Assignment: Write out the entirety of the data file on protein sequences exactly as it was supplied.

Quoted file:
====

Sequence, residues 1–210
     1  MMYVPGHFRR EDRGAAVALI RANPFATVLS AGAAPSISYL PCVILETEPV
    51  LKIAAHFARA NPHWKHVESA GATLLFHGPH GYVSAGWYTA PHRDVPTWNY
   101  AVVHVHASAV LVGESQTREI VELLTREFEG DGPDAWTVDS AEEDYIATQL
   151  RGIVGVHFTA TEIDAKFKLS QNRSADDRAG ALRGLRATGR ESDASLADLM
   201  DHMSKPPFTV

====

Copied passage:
Sequence, residues 1–210
     1  MMYVPGHFRR EDRGAAVALI RANPFATVLS AGAAPSISYL PCVILETEPV
    51  LKIAAHFARA NPHWKHVESA GATLLFHGPH GYVSAGWYTA PHRDVPTWNY
   101  AVVHVHASAV LVGESQTREI VELLTREFEG DGPDAWTVDS AEEDYIATQL
   151  RGIVGVHFTA TEIDAKFKLS QNRSADDRAG ALRGLRATGR ESDASLADLM
   201  DHMSKPPFTV